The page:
By Jeremiah Chamakany
Residents of Koibatek sub -county are yet to find an explanation about this bizarre phenomenon; a cattle tracks on top of some rocks at the banks of a stream flowing out from the Mau Complex. It is in Baringo County in the heart of the Great Rift Valley.
Shortly after getting wind of the existing wonder; World Water did not hesitate to go out and find out more about the phenomenon rumored to have baffled many generations around the now Koibatek sub-county.
‘’It has baffled every one’’ said Mr.Julius Mosonik, our guide during this fact finding mission. At least seven ‘ancient ‘foot prints are clearly visible on top of the rocks that now lie within a private land. The footprints resemble those of a bovine, either a cow or its nearest cousin the Buffalo.
Since its discovery sometime during the height of Kenya’s colonial era, no one to date is able to explain how the animals ended up leaving their footprints on top of a hard rock, unless they were literally walking on top of some molten rocks or flowing magma [lava]to be more precise. That could date back to several millions of years ago when volcanic eruptions were the order of the day.
A critical look on top of the rocks indicate that perhaps there was a stampede; like the animals were fleeing away to their safety when all over sudden, the sky around them started to rain red-hot magma. It is quite likely that the animals involved never survived, how really could they have managed when all the ‘rocks were boiling and melting’ all around them. ?
Hypothetically; Maybe it was the Menengai crater in action, the nearest volcano which last erupted in 6050 BC according to Wikipedia.
Local area administrator in charge of Sabatia Location Mr.Jacob Kigen granted Interview. He refused to beat around the bush but went straight to narrate that for the last 45 years he has been in the region, dozens of local tourists have made a stop at Solian to have a look at the strange cattle tracks.
According to the administrator, the cattle tracks on the rocks indicate that perhaps the rocks where very soft during those days.
‘’The whole of this Koibatek sub-county region was Maasai land, they roamed this valley with their cattle in thousands.’’ said the administrator.
According to the information he gathered from the elders of his time, the cattle tracks possibly belong to the Maasai who later moved their herds to the present day Narok ,with some of them spilling towards the Ngorongoro in Tanzania.
The geography of Koibatek in Baringo is that which can stir ewe and curiosity wrapped in one. Maasai names are littered everywhere in the landscape. Esageri ,Ngusero,Lebolos and Eldama Ravine to name but a few;are all Maasai names. Moving down the plains of Koibatek in the regions around the Mogotio which stretch towards Marigat, you are likely to encounter more Maasai names such as Ol baat, ,Lomanira,Logiri,Oldukai Lombogishu and even Muserechi where a remnant of the Ole Tunai family,Narok Govorner lives to date .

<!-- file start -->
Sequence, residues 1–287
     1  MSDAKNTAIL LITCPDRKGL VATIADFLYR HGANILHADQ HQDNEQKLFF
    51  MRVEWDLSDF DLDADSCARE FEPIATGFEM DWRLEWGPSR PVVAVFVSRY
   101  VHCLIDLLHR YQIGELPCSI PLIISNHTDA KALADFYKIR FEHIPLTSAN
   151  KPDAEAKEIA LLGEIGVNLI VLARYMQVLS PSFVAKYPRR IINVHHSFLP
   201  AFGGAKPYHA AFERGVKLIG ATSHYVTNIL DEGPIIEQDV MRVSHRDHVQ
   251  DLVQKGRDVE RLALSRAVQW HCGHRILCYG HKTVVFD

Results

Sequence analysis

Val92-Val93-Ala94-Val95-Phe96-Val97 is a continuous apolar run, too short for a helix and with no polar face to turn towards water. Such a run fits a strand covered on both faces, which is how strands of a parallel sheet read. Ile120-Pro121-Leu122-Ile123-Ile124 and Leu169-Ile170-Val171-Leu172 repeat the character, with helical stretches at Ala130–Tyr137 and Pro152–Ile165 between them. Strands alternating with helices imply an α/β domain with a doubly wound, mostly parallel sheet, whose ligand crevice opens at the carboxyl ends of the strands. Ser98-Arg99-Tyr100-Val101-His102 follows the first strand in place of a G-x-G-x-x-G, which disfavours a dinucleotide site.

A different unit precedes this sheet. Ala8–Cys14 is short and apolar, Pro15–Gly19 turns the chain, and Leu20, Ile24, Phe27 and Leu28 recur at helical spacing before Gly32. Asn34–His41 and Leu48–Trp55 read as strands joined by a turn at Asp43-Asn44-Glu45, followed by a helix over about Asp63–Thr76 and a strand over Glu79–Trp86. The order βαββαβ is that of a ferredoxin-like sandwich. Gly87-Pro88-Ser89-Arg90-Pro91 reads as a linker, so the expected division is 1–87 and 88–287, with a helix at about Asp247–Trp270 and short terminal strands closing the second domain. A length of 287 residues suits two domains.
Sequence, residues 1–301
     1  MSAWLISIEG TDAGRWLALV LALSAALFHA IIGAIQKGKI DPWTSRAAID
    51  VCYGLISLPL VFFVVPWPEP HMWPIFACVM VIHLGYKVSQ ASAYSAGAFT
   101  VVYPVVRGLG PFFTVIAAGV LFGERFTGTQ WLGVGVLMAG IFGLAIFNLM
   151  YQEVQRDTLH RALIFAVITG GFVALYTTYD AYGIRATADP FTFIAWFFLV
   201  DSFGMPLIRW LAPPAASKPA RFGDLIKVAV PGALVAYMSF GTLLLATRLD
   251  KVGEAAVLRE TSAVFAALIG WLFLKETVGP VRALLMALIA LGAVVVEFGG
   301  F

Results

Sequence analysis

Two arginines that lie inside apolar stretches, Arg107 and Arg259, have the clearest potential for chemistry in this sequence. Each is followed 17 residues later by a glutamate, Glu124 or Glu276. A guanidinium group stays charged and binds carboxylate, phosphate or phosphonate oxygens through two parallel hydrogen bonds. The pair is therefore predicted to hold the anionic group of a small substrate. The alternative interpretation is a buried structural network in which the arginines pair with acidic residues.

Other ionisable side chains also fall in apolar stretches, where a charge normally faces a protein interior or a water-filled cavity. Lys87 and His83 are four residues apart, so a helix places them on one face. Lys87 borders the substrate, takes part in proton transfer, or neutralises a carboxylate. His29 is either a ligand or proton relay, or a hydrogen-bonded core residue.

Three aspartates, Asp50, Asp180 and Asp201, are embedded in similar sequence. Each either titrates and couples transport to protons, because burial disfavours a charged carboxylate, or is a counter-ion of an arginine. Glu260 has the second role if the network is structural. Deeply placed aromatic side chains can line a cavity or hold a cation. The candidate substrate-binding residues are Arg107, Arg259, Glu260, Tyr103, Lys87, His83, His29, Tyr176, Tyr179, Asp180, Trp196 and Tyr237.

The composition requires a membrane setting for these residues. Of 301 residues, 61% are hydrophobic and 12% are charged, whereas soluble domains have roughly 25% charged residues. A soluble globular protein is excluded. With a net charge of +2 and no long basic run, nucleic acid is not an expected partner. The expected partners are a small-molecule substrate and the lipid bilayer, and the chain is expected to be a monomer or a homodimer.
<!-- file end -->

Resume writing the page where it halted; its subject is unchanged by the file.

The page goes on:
Digging further beyond what the administrator said, our team discovered that there could be some truth about Maasai cattle leaving their footprints at Koibatek.
Not far from the scene of the mystery cattle tracks lives the Chairman of the Lembus Council of Elders Mr.Joseph Leboo.He is a Maasai remnant who has since been assimilated into the Lembus culture;but is still very alive and fondly attached to his ancestral roots.
‘’I don’t know much about the cattle tracks but I can tell you that the Maasai once roamed the hills of Koibatek and the plains of Mogotio’’mzee Leboo told World Water.
Our guide made us to learn that the land belongs to an old man Mzee Kimanyim. Fortunately enough, one of his daughters Mrs. Leah Ng’etich was available for a word. She is a teacher at a nearby Mochongoi Primary school in Eldama Ravine constituency, and proved most resourceful after taking part in this interview.
‘’This is my father’s land and I was born here’’ said Mrs. Ng’etich who grew up seeing many people visit the site. She disclosed that site is still unrestricted and because of this fact;some adventurous foreign tourist once visited their home to see the strange cattle tracks. The male tourist was so excited that he offered some Dollars in exchange of the land. Her family however declined to sell the land to him.
With a stream of water bordering the site flowing quietly towards the Lake Baringo, most young people find the scenic site very intriguing and romantic to say the least.
Sitting under the shade of one the many old trees lining the stream,you are likely to bear witness to the most hidden secrets of the wild nature,young plants coiling their tendrils round and round their neighbors, and the smell of moss wafting from under the rocks!! Some young man was present during our visit, and had brought along a lass; perhaps to impress her with the mysteries of Mother Nature; away from the noise and bustle of the modern day civilization. Meanwhile;the cattle tracks will continue remaining a mystery.